If the “data” used by Sussmann in the CIA meeting was not “from the Trump era,” then why does the indictment say Sussmann claimed the data showed “Trump and/or his associates were using supposedly rare, Russian-made wireless phones in the vicinity of the White House?”
Savage, dutiful stenographer that he is, provides two quotations purporting to back up his claim that Sussmann did not use White House data to allege nefarious ties between Trump and Russia.
First, he quotes the defense lawyers of a Georgia Tech researcher who helped write the white paper that Sussmann first took to the FBI. “What Trump and some news outlets are saying is wrong,” the attorney says. “The cybersecurity researchers were investigating malware in the White House, not spying on the Trump campaign, and to our knowledge all of the data they used was nonprivate DNS data from before Trump took office.”
Of course, this statement is completely irrelevant to the new allegation in Durham’s filing. No one is denying that Georgia Tech was hired to investigate malware in the White House. Also, the indictment never alleges that the Georgia Tech researchers analyzed data from when Trump was in office.
What the indictment does allege, however, is that Joffe accessed White House data and used it to build a case that Trump was using Russia-made phones within or in the physical proximity of the White House.
Does Joffe deny this? Not really. Savage writes, “In a statement, a spokesperson for Mr. Joffe said that ‘contrary to the allegations in this recent filing,’ he was apolitical, did not work for any political party, and had lawful access under a contract to work with others to analyze DNS data — including from the White House — for the purpose of hunting for security breaches or threats.”
Note that that is not a denial that Joffe shared Trump White House data with Sussmann. This is a claim that Joffe has “lawful access” to White House data. It does not address the possibility that he abused that access.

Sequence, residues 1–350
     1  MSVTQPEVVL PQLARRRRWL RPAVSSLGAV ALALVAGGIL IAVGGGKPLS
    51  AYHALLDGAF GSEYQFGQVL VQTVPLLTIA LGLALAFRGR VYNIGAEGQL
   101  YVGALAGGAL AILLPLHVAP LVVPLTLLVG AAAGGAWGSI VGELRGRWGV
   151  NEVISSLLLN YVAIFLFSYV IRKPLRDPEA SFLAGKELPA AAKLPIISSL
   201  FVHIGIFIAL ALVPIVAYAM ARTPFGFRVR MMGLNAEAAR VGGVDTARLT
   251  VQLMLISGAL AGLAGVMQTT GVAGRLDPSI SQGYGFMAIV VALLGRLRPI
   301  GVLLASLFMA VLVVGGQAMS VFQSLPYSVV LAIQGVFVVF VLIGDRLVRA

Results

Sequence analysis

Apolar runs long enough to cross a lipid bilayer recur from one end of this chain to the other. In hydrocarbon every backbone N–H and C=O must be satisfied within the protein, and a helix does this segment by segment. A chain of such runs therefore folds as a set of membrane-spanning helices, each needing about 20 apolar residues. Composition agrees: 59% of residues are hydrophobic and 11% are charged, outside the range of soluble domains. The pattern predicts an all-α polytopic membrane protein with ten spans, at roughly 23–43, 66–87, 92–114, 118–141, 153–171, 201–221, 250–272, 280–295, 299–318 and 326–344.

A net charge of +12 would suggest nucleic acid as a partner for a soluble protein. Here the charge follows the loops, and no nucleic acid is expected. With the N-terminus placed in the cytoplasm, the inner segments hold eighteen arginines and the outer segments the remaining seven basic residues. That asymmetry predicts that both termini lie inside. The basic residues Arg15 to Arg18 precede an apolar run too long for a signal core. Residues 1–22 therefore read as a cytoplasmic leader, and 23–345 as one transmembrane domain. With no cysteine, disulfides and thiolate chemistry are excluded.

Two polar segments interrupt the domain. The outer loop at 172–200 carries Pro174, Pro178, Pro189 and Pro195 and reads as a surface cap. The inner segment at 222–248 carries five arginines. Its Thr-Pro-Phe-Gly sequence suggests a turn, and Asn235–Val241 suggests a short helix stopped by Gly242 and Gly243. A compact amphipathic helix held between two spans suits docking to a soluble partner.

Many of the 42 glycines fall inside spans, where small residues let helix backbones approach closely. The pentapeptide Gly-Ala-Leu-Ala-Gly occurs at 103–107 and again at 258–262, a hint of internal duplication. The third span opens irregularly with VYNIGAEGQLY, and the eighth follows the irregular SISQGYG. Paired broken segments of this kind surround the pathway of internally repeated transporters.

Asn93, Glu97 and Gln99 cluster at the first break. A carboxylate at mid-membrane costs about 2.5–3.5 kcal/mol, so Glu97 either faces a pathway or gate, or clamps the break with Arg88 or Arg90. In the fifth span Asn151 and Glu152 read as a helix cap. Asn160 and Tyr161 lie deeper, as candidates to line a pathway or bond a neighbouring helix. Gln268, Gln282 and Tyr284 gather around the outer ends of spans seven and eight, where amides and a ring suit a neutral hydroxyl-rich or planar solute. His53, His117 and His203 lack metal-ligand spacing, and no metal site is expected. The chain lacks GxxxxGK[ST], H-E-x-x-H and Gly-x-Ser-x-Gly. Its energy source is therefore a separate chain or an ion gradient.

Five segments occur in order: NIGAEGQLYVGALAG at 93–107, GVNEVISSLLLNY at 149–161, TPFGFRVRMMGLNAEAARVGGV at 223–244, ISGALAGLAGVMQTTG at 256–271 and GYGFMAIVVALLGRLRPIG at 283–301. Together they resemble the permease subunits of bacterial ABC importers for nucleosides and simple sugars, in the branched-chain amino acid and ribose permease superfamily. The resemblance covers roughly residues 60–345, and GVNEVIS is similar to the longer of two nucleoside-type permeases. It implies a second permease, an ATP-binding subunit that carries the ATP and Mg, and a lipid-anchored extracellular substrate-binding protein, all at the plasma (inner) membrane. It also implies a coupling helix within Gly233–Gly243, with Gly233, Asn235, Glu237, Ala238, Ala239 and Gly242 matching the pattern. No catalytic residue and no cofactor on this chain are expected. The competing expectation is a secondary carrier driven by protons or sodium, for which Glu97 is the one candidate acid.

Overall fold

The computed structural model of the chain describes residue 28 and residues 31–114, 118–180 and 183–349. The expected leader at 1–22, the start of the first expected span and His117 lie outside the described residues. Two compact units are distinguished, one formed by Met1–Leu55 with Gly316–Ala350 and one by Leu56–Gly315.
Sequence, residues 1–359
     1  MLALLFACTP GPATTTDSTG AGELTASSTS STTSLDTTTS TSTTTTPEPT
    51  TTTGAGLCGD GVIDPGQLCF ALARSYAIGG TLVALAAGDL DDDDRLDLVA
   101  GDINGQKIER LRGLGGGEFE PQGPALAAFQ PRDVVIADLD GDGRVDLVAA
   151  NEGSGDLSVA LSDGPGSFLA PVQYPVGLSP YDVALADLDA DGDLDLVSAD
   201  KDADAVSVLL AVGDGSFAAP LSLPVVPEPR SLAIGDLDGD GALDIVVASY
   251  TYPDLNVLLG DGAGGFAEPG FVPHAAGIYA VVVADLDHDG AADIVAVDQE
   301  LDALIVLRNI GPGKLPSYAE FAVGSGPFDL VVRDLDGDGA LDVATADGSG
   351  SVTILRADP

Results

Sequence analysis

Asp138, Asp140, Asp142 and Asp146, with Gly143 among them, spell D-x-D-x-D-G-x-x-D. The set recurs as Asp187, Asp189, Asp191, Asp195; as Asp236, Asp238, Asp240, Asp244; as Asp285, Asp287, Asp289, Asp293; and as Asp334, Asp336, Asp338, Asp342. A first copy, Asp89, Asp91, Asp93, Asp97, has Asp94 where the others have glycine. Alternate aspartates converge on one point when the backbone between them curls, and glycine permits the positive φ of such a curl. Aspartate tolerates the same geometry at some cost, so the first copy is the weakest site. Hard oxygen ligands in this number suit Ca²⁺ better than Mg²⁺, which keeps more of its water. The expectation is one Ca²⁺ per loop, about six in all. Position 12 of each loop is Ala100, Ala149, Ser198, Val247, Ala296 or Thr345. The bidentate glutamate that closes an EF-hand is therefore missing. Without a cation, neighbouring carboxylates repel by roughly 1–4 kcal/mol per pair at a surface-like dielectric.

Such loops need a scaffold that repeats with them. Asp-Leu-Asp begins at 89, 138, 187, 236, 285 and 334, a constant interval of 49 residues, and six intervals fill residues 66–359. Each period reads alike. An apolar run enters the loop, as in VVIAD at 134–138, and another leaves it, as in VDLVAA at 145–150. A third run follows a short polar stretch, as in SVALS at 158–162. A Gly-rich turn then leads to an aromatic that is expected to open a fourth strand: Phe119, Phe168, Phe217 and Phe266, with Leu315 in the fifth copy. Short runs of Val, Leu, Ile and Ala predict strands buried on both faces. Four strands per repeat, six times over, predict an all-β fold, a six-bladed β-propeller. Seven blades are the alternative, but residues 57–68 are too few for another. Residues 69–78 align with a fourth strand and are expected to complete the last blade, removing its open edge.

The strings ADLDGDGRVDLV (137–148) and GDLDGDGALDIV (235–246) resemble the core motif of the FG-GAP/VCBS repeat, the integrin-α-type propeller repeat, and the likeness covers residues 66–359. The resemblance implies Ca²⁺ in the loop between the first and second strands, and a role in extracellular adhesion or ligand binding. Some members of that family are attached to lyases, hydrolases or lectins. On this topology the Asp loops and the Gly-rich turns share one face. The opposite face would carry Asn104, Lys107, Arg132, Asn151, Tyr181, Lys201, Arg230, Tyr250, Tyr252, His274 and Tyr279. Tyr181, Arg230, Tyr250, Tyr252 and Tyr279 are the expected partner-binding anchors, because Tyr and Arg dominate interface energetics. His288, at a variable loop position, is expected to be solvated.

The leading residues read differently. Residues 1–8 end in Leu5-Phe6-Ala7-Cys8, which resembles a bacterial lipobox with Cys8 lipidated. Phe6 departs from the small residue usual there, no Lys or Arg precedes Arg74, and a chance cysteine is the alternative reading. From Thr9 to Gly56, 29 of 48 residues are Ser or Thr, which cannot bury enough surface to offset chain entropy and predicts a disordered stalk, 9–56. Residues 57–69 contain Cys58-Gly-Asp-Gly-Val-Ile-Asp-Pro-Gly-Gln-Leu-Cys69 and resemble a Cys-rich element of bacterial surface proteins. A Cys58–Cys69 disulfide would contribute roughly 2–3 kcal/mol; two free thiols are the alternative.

Also, Joffe’s claim to be “apolitical” goes completely unchallenged by Savage, even though Durham’s original indictment included an email from Joffe, stating, “I was tentatively offered the top cybersecurity job by the Democrats when it looked like they’d win. I definitely would not take the job under Trump.” Does that sound apolitical to you?
Also, Joffe was the one who had originally approached Sussmann with the bogus story about Trump’s relationship with Alfa Bank. Are we to believe that Joffe, a supposed cybersecurity expert, had no idea Sussmann worked for Hillary Clinton and the Democrats? Or that Sussmann’s firm, Perkins Coie, represented the Clinton campaign and every Democratic organization in D.C.?
Are we really supposed to believe Joffe was that ignorant or naive?
Of course not. Joffe knew exactly who Sussmann was when he first came to him with his Alfa Bank story. Sussmann, being the political operative he is, knew exactly how to weaponize that information, enlisting and informing the Clinton campaign and their top lawyers, and then planting the story with friendly members of the press.
Savage has done everything in his journalistic power to bury this story from readers and obfuscate the truth.
That is why no one trusts journalists anymore.
- Trump Talks Energy, War, Illinois Primaries in New Interview
- Oath Keepers FBI Interviews Contradict Indictment Charges
- Abortion Clinics Start Closing After Roe v. Wade Ruling
- Biden Accidentally Reveals Very Specific Cheat Sheet Reminding Him How to Act
- US Retailers Facing a Potential Wave of Bankruptcies
- Vermont Woman Fired, Denied Unemployment for Refusing Vaccine, Becomes Homeless and Flees to Florida on
- COVID Vaccine Injury Reports Jump by 27,000 in One Week, FDA Pulls ‘Bait and Switch’ With Pfizer Vaccine Approval on
- Taliban ‘Holding’ Americans ‘Hostage’ at Afghanistan Airport: Top Republican Lawmaker on
- The Pfizer Vaccine is NOT APPROVED on
- The Pfizer Vaccine is NOT APPROVED on